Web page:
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P8.128 Results of a non-restrictive acceptability policy for kidney transplantation in patients with HLA sensitization

Lucila Martin Rollan, Argentina

Hospital Privado Universitario de Córdoba

Abstract

Results of a non-restrictive acceptability policy for kidney transplantation in patients with HLA sensitization

Eliana Vanina Palomino 1,3, Carlos C Chiurchi2,3, Lucila Martin LM Rollan1,3, Ursula U Fillipi1,3, Florencia F Bonisconti1,3, Vanessa V Sotelo1,3, Maximiliano M Niemiec1,3, Walter W Douthat2,3, Pehuén P Fernández2,3, Javier J De Arteaga2,3, Luciana L Mas1,3, Jorge J De la Fuente2,3.

1Laboratorio de Histocompatibilidad, Hospital Privado Universitario de Cordoba, Cordoba, Argentina; 2Programa de Trasplante Renal, Hospital Privado Universitario de Cordoba, Cordoba, Argentina; 3Instituto Universitario de Ciencias Biomedicas, Hospital Privado Universitario de Cordoba, Cordoba, Argentina

Introduction: The presence of anti-HLA antibodies have a major impact on allograft survival and it is a barrier in renal transplantation (RT). A combined use of techniques such as flow cytometric crossmatch (FCXM) with complement-dependent cytotoxicity (CDC) has improved immunological risk analysis. FCXM allows direct evaluation of the immunological risk in the recipient-donor couple, independently of the resolution level of the donor's HLA typing and the representativeness of all the HLA variants arranged in the beads of the antibody specificity kits. The policy of our renal transplant program does not include restrictions for access to the transplant due to the degree of HLA sensitization. We show the results of this strategy in the present scenario in transplant patients (P) with HLA sensitization.

Patients and methods: In the period between January 2017 and December 2021, 248 deceased RT were performed in our center. Fourty seven P presented some degree of HLA sensitization (19%): 21 P did not have donor specific antibodies (DSA) at the time of transplantation and 26 P did have at least 1 DSA (virtual crossmatch at the serological level) with mean MFI: 9.300 (1.157-27.994). FCXM was negative for T and B cells. Age of this cohort: 45.7 (range 18-78), re-RT 55%, PRA Class I: 39%, Class II: 57%, female 55%, MM: 3.2 (0-5). The induction scheme included antithymocyte globulin in 100%, 32% received IvIG and 10% PF, post-TR IS was mostly with TAC and MMF.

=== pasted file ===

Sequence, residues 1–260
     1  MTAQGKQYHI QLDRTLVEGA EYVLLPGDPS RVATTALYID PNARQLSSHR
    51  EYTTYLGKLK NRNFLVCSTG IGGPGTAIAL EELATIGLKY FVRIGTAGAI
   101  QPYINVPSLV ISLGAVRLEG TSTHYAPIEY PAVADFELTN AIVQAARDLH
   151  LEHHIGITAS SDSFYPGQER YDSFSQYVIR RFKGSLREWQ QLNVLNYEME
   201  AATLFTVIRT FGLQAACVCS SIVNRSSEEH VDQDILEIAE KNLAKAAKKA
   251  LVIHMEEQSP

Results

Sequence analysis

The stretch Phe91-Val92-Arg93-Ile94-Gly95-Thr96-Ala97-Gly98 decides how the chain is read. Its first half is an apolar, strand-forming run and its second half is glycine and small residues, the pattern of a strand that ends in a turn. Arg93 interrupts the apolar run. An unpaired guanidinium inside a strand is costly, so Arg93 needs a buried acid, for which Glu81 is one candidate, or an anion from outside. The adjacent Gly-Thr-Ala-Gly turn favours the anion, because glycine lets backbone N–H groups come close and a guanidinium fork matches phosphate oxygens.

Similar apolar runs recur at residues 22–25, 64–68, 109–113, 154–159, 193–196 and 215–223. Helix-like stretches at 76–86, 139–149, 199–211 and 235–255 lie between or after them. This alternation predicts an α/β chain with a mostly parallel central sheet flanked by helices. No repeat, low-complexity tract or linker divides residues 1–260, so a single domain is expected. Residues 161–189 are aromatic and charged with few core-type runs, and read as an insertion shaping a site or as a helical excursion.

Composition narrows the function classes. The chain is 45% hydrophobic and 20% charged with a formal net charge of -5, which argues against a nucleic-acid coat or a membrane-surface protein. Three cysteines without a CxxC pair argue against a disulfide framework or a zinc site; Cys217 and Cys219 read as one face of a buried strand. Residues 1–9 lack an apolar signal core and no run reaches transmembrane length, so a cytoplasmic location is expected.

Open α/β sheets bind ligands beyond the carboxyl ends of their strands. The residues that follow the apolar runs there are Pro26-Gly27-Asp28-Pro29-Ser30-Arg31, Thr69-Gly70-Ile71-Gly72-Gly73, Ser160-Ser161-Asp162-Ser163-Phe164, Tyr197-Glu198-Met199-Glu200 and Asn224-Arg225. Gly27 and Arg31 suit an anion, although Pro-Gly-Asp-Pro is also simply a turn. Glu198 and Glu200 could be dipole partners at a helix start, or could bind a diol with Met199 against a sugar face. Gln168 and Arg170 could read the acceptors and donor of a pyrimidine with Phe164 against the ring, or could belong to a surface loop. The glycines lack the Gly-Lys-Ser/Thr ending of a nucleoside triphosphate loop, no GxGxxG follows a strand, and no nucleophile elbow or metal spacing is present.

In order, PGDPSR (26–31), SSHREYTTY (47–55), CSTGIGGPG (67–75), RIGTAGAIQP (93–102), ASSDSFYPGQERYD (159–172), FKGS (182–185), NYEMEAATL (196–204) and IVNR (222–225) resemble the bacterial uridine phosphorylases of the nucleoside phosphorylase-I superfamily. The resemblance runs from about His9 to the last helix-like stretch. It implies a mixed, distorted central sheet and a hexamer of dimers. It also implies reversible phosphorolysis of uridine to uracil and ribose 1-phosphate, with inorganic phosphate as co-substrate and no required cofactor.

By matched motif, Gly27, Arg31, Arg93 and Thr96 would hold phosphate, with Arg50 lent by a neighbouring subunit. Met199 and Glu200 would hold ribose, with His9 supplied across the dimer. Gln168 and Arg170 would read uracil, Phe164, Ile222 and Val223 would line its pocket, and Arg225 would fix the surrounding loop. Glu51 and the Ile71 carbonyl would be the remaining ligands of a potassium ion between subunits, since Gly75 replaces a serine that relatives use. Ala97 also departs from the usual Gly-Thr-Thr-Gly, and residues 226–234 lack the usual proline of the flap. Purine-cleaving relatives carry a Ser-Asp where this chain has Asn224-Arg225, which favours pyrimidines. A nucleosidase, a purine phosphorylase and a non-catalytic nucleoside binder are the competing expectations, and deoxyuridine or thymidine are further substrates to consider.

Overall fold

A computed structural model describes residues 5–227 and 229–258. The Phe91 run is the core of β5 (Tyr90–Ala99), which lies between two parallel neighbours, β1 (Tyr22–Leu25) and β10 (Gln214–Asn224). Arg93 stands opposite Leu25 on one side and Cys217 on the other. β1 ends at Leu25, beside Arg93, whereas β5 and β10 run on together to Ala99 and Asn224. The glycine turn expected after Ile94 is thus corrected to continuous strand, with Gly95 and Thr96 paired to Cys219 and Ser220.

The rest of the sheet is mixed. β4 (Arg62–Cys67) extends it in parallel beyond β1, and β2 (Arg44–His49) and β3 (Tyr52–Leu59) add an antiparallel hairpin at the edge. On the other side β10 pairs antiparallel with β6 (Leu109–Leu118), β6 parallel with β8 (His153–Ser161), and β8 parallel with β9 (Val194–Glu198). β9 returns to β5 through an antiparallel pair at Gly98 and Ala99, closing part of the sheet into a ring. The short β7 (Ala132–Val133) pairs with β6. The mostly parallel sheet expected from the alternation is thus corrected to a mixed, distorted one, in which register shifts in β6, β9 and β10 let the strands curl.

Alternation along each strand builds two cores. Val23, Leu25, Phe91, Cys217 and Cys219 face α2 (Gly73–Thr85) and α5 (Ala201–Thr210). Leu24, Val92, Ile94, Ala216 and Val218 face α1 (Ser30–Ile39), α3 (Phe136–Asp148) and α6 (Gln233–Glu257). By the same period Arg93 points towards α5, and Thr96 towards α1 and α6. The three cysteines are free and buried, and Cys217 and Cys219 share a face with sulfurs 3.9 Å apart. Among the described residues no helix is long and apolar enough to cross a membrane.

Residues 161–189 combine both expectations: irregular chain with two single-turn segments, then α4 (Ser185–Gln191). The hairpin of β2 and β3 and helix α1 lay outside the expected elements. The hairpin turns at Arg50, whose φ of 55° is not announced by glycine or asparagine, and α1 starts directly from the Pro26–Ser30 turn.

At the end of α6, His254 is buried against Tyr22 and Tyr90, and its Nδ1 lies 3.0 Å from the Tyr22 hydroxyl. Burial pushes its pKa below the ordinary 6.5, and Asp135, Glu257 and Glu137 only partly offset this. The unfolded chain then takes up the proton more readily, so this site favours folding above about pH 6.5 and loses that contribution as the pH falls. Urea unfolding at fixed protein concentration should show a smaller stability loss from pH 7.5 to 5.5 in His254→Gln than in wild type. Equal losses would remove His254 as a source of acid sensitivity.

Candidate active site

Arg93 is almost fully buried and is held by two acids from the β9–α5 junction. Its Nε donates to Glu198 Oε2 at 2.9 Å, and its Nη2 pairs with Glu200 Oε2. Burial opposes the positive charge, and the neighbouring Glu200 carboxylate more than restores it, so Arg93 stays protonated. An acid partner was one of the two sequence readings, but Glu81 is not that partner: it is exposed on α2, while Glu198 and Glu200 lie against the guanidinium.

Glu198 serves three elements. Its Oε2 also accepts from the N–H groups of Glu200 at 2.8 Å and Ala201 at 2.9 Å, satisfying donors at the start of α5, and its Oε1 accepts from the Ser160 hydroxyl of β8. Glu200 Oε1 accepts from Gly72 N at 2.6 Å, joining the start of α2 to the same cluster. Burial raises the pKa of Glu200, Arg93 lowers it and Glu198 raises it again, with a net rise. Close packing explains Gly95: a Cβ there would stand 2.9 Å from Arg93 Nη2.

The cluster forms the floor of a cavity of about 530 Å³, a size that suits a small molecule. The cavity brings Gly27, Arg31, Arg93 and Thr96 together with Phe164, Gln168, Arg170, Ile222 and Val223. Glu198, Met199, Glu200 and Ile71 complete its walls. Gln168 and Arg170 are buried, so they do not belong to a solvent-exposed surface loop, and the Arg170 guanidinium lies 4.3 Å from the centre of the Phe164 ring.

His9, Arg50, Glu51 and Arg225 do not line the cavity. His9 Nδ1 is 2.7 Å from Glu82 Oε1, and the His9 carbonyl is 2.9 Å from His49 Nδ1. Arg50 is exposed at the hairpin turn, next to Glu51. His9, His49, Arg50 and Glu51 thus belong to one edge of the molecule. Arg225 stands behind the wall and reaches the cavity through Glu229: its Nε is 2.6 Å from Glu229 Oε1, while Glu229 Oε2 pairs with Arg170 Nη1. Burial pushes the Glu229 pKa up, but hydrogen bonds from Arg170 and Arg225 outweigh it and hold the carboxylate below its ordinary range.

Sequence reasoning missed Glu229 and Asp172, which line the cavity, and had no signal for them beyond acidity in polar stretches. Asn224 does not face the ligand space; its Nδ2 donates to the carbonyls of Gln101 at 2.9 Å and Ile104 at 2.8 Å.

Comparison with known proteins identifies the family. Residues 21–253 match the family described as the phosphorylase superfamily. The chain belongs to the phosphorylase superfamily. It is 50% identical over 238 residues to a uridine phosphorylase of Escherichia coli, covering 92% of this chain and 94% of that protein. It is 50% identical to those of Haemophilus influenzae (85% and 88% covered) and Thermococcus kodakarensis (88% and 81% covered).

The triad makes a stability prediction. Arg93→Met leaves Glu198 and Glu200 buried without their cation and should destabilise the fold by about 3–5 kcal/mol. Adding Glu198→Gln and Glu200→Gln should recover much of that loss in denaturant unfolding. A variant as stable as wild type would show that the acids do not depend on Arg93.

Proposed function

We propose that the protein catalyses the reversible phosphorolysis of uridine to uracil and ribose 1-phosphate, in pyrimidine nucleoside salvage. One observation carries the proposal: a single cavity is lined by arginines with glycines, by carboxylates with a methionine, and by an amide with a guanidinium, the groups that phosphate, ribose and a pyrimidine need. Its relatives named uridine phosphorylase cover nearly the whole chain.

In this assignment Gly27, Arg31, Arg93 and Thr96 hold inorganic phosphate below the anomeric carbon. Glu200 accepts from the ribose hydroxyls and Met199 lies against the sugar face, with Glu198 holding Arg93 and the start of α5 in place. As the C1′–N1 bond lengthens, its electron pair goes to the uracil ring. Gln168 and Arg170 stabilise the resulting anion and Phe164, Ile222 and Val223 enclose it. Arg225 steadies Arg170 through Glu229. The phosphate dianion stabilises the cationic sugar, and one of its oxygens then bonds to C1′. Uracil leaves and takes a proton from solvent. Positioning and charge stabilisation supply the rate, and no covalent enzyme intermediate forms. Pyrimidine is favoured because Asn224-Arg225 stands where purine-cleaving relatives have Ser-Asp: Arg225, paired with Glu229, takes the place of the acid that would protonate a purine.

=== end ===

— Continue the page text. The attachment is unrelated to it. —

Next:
Results: The mean follow-up was 24.2 months (1-59). In the period studied, 28 biopsy-confirmed rejections were recorded: 0.6 episodes/patient, of which 18 were humoral. 64% of the patients did not develop acute rejection (n: 30) until the end of follow-up. Among patients with rejection, 1.6 episodes/patient were recorded. Graft survival at 2 years was 84% while patient survival in the same period was 90%. In patients with DSA (+) IVIg was used more frequently (46% vs. 14%) as induction and plasmapheresis was used only in DSA + patients (15%). The presence of DSA was not associated with significant differences in organ survival (89% vs. 79% p: n.s.) and patient survival: 95% vs. 86% (p: n.s.). The rejection rate in DSA (+) was 55.3% and in DSA (-) 44.7% (chi-square p: n.s.). DSA + group was divided into MFI<5000 (n: 14, mean 2.918 MFI) and MFI ≥5000 (n: 12, mean 16.205 MFI) with no significant differences in P and graft survival. We also did not observe differences in those P with PRA > 85% and presence of DSA with MFI > 5000.

Conclusion: The results at 24 months in sensitized patients do not seem to be significantly influenced by the type and intensity of HLA sensitization as long as they have a negative FCXM. The future distribution of organs in our country according to unacceptable antigens will make possible to compare the results of both strategies.

Fundacion Nefrologica de Cordoba.

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